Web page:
The final annual Hillsborough memorial service at Anfield will take place to mark 27 years to the day since the tragedy claimed 96 lives.
Thousands of football fans are expected to gather with the families of those who died in the tragedy at Hillsborough football stadium, Sheffield, to pay their respects one last time at the home of Liverpool FC.
Families of the 96 unanimously agreed this year’s service, held annually on April 15 to mark the anniversary of the disaster, would be the last major public event at Anfield.
Hillsborough Family Support Group chairman Margaret Aspinall has said this year’s service will ‘draw a line under it’ and thank those who have supported the families over the past 27 years.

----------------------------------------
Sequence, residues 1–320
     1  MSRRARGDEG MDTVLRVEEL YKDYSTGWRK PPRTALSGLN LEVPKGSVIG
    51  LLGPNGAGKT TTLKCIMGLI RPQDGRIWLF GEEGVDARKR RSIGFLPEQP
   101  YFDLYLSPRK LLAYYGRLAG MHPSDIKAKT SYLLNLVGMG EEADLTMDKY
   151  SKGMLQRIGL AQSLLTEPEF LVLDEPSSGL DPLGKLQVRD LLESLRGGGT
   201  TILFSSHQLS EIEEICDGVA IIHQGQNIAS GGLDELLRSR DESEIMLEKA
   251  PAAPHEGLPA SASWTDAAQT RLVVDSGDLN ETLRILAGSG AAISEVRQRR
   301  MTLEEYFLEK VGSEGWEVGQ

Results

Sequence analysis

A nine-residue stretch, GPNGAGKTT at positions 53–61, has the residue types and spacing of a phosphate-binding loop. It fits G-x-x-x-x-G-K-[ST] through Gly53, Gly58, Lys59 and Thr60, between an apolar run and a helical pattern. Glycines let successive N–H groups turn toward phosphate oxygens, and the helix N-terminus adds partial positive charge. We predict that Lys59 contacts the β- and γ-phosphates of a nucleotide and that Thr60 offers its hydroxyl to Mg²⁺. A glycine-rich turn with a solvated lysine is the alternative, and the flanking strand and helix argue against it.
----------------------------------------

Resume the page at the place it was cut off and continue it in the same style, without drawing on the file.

The 96 Liverpool fans died in a crush on the Leppings Lane terraces at Sheffield Wednesday’s stadium after going to see their team play Nottingham Forest in an FA Cup semi-final on April 15, 1989.
A minute’s silence will be held at Anfield at 3.06pm, to mark the exact time the fateful match was abandoned.
Across the city, public transport will be halted, the Mersey Ferry will blow its funnels, and flags will be lowered on civic buildings before bells toll 96 times at Liverpool Metropolitan Cathedral.
Prayers will also be said at the Anglican Cathedral before the silence.
Mayor of Liverpool Joe Anderson said: “We will never forget those who died at Hillsborough, and this is a day for us to unite as a city and remember each one and also their families and friends left behind.
“I urge everyone in Liverpool, and across the region, to observe the minute’s silence, as a mark of respect for the 96 who lost their lives.”
The Lord Mayor, Councillor Tony Concepcion, said: “Hillsborough was a tragedy which must never be forgotten and it is appropriate that the city marks the anniversary in this way.”
Inquests into the deaths of the 96 fans are currently underway after the original accidental death verdicts were quashed.
Jurors are considering the verdicts.